Kelvin White and the maritime precincts of lower Manhattan

In the long summer of 1947, a few months shy of my 18th  birthday, I went to work in the historic shipping parish of New York’s lower Manhattan for a purveyor of charts, chronometers and nautical instruments. The company was called Kelvin and Wilfrid O. White, known familiarly in the trade as Kelvin White, on Water Street. I worked a five-and-a-half-day week and my salary was $25. I loved that job. On any given day, my duties included trotting over to two other nautical instrument shops—Negus Brothers and John Bliss & Co. — both on nearby Pearl Street, to complete,…
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Tornado: struck by a whirlwind

Tornado: struck by a whirlwind

Given the history of superstition surrounding ships and the sea, one wonders why anyone in their right mind would name their ship Tornado. And yet, a magnificent clipper ship was launched in 1852 bearing that name. The fact that the ship was struck by what was described as a “whirlwind,” at two in the morning, far from land and available assistance, makes the story even more mysterious.  Such was the case of the clipper Tornado, master Oliver R. Mumford, out from San Francisco and bound for New York via Cape Horn in August of 1852. Tornado was a clipper ship…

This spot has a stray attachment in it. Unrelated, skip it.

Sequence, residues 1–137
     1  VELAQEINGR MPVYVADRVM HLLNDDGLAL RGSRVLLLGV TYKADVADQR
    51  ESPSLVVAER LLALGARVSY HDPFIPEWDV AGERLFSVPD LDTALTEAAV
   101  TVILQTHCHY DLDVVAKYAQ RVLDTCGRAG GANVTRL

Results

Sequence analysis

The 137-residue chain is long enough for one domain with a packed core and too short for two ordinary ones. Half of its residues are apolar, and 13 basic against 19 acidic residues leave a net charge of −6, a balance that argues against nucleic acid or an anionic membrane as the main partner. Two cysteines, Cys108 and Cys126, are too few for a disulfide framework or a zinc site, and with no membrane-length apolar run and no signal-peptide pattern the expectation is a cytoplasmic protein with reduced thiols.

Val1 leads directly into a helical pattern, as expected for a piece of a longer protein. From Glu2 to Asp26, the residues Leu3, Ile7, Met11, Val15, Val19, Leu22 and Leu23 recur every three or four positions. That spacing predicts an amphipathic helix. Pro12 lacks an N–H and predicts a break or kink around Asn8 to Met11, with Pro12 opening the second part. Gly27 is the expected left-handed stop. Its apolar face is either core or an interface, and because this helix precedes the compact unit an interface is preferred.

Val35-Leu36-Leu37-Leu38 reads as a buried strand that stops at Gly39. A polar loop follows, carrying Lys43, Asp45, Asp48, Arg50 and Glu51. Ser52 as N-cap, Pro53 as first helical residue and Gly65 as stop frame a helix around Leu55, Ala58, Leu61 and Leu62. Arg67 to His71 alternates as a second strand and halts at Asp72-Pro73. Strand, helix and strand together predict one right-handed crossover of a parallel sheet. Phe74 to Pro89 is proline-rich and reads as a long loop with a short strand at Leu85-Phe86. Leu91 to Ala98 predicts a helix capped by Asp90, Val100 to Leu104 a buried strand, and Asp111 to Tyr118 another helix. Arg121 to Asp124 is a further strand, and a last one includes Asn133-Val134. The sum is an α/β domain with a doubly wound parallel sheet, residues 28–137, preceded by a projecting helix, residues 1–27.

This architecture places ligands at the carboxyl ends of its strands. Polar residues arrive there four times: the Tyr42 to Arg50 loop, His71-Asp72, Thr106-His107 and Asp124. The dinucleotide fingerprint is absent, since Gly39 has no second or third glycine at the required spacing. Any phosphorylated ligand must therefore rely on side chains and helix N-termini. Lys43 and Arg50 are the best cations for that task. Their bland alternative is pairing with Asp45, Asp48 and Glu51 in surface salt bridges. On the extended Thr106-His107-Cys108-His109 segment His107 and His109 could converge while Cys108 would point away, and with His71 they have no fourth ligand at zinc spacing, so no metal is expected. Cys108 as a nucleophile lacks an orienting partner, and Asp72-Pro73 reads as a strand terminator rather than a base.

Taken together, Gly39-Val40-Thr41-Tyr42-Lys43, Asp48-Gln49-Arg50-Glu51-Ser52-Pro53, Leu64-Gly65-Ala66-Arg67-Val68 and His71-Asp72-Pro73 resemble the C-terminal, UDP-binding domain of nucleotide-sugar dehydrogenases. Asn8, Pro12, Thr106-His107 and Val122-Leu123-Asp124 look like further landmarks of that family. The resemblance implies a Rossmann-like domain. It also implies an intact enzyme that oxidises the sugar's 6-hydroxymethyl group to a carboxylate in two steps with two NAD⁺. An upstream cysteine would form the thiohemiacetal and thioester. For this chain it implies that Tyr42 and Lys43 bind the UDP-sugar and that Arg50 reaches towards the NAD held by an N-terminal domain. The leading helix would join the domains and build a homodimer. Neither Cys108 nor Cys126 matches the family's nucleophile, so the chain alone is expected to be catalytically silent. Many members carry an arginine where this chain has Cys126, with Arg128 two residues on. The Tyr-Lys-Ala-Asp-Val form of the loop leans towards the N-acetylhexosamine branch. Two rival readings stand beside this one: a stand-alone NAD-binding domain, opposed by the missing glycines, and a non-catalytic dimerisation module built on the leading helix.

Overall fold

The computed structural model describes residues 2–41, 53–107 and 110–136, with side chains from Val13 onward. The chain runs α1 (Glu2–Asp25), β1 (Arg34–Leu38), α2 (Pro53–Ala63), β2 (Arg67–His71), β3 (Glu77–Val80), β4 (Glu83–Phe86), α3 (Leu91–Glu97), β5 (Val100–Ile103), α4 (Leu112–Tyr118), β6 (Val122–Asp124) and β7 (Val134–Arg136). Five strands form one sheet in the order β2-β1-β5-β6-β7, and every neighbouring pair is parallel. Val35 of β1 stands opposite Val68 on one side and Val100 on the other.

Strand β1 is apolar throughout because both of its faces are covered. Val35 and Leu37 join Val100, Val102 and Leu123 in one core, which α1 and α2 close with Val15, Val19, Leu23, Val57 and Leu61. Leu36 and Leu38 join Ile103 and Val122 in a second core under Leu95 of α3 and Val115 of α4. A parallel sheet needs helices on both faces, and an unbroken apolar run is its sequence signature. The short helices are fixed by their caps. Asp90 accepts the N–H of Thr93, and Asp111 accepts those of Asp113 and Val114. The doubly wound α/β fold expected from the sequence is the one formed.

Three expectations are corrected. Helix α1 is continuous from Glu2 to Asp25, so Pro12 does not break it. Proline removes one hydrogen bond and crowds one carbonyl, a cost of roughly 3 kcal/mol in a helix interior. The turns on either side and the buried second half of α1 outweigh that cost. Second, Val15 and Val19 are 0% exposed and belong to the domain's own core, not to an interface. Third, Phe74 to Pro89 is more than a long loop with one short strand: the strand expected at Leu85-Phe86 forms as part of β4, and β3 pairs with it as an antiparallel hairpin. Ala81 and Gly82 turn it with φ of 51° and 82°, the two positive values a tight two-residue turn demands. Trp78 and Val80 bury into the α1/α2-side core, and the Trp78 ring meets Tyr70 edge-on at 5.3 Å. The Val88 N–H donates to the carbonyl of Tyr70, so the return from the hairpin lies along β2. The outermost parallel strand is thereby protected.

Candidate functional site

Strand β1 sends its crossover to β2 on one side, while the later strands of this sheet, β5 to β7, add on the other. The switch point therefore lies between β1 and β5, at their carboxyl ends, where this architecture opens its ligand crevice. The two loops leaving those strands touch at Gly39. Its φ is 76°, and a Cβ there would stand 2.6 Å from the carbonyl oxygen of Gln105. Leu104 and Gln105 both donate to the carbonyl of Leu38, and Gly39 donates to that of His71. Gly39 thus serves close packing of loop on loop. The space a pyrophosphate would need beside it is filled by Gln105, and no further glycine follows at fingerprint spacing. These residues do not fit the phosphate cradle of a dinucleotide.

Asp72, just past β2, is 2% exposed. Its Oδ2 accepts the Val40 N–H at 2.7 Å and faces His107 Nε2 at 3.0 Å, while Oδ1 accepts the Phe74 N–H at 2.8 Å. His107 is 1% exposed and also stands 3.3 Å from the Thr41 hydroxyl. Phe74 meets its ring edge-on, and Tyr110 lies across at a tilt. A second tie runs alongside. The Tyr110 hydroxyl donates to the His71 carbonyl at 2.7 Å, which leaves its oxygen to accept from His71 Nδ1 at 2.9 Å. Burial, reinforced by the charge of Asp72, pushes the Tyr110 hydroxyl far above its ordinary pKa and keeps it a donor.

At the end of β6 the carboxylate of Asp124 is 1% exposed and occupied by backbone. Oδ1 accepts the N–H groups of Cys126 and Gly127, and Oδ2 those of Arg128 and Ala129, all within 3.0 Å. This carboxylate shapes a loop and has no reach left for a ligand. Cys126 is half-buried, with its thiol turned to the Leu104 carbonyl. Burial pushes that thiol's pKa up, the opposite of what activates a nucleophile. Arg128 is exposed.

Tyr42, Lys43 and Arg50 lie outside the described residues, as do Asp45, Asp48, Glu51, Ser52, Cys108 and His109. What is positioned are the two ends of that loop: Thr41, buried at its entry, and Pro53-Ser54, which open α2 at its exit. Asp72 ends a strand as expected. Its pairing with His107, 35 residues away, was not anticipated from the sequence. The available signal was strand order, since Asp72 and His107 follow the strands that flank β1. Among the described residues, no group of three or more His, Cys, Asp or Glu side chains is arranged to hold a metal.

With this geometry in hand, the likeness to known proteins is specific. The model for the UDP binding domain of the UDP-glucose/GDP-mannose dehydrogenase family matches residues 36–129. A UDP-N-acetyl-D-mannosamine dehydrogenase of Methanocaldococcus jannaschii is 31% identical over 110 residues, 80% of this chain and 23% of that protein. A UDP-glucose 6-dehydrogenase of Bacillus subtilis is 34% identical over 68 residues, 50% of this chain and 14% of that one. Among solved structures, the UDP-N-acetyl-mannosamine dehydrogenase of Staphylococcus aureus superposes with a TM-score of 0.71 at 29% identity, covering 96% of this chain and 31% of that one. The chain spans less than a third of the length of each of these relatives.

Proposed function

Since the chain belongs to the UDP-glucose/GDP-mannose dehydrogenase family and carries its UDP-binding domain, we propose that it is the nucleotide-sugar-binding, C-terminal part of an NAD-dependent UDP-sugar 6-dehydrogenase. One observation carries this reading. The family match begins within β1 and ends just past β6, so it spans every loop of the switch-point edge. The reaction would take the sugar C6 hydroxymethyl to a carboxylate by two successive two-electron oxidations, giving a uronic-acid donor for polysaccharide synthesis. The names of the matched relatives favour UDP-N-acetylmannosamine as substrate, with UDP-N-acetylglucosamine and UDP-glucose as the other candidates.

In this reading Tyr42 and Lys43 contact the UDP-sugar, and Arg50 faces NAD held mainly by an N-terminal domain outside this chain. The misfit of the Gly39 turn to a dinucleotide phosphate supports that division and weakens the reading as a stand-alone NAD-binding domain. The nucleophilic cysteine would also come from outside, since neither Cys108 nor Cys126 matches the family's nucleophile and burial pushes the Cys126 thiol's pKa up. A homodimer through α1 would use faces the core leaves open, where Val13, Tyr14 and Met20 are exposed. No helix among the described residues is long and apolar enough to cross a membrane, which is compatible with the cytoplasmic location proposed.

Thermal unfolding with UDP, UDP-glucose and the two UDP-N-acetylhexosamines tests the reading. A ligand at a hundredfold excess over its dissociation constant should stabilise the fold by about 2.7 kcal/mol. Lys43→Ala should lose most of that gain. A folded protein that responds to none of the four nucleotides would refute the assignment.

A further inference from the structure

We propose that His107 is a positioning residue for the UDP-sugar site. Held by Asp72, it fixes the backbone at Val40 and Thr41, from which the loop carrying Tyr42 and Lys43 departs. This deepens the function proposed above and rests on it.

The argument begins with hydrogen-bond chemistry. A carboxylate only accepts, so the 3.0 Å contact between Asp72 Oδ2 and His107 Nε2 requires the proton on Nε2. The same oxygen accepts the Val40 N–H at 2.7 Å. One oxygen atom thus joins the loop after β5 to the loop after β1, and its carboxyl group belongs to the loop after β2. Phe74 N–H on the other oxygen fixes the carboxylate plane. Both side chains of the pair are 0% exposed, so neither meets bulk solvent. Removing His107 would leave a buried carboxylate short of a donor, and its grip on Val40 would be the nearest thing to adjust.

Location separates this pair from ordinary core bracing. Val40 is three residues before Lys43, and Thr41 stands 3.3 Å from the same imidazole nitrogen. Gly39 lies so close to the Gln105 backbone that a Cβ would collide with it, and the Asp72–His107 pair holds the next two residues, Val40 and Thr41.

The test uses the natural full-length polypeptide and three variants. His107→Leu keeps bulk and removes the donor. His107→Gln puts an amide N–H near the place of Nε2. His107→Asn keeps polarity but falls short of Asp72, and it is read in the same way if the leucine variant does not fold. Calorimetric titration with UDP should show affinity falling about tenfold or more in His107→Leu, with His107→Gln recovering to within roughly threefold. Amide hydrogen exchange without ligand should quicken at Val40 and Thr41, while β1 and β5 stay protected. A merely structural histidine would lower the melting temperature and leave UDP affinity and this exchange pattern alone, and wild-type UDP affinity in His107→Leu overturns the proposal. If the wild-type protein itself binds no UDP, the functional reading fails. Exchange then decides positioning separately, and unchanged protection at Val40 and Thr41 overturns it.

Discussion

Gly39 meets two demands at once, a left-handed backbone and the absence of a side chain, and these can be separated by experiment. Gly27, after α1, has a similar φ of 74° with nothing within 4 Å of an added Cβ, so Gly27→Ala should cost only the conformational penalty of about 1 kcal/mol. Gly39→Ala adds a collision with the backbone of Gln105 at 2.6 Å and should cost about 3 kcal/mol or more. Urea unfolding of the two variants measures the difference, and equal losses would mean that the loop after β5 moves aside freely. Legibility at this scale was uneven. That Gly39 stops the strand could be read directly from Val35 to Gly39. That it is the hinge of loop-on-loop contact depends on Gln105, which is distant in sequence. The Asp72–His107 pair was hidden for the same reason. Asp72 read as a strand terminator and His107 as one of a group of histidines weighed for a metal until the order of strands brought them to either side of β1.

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Pacific Cup results

Pacific Cup results

The 21st running of the Pacific Cup (co-sponsored by Ocean Navigator) from San Francisco Bay to Kaneohe, Hawaii is in the books, with 56 boats finishing out of a fleet of 60 starters. Overall winner and first to finish was Roy P. Disney’s Pyewacket 70. It also recorded the fastest elapsed time, and first in Alaska Airlines Division A. Just behind Pyewacket was Stu Dahlgren’s Santa Cruz 70 Westerly, which claimed second place in the division and also second place overall. Westerly also won the Bill Lee award for the fastest of the Bill Lee-designed yachts. Amazingly, Westerly suffered keel…
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Wooden boats thrive in the Camden Classic Cup

Wooden boats thrive in the Camden Classic Cup